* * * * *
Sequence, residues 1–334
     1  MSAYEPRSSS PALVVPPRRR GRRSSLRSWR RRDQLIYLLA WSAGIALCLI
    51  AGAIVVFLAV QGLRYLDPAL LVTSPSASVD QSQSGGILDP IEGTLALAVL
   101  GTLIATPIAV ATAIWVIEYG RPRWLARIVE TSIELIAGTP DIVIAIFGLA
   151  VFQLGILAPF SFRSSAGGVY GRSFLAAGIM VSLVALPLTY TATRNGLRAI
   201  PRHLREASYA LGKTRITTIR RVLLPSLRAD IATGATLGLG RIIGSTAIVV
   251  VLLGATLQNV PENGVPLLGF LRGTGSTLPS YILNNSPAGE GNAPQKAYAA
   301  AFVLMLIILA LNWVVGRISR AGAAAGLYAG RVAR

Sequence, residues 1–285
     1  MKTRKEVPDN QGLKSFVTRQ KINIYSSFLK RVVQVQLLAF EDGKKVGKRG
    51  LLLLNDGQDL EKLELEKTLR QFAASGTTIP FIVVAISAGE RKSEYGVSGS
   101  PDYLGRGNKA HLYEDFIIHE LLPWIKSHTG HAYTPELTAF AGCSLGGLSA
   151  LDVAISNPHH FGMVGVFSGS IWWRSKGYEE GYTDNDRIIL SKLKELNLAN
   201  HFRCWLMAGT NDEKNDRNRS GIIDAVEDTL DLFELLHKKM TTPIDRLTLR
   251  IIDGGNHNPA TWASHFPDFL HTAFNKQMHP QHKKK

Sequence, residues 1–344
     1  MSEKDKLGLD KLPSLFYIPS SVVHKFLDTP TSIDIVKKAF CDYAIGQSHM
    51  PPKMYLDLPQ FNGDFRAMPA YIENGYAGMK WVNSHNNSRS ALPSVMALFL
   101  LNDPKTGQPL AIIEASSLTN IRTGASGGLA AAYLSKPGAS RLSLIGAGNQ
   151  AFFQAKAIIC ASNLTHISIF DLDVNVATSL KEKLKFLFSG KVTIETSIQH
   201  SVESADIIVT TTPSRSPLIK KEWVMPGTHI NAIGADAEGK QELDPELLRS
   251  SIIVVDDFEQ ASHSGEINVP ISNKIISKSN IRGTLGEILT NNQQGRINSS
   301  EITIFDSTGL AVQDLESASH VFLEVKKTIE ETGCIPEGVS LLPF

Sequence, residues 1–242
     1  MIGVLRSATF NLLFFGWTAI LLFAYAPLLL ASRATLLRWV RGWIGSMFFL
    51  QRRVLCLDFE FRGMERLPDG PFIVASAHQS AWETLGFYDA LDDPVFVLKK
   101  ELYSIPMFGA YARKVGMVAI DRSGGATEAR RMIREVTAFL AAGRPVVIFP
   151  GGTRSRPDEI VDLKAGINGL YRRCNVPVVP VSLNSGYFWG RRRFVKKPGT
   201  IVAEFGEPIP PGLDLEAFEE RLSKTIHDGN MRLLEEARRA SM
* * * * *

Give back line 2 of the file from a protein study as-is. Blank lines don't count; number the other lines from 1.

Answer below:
     1  MSAYEPRSSS PALVVPPRRR GRRSSLRSWR RRDQLIYLLA WSAGIALCLI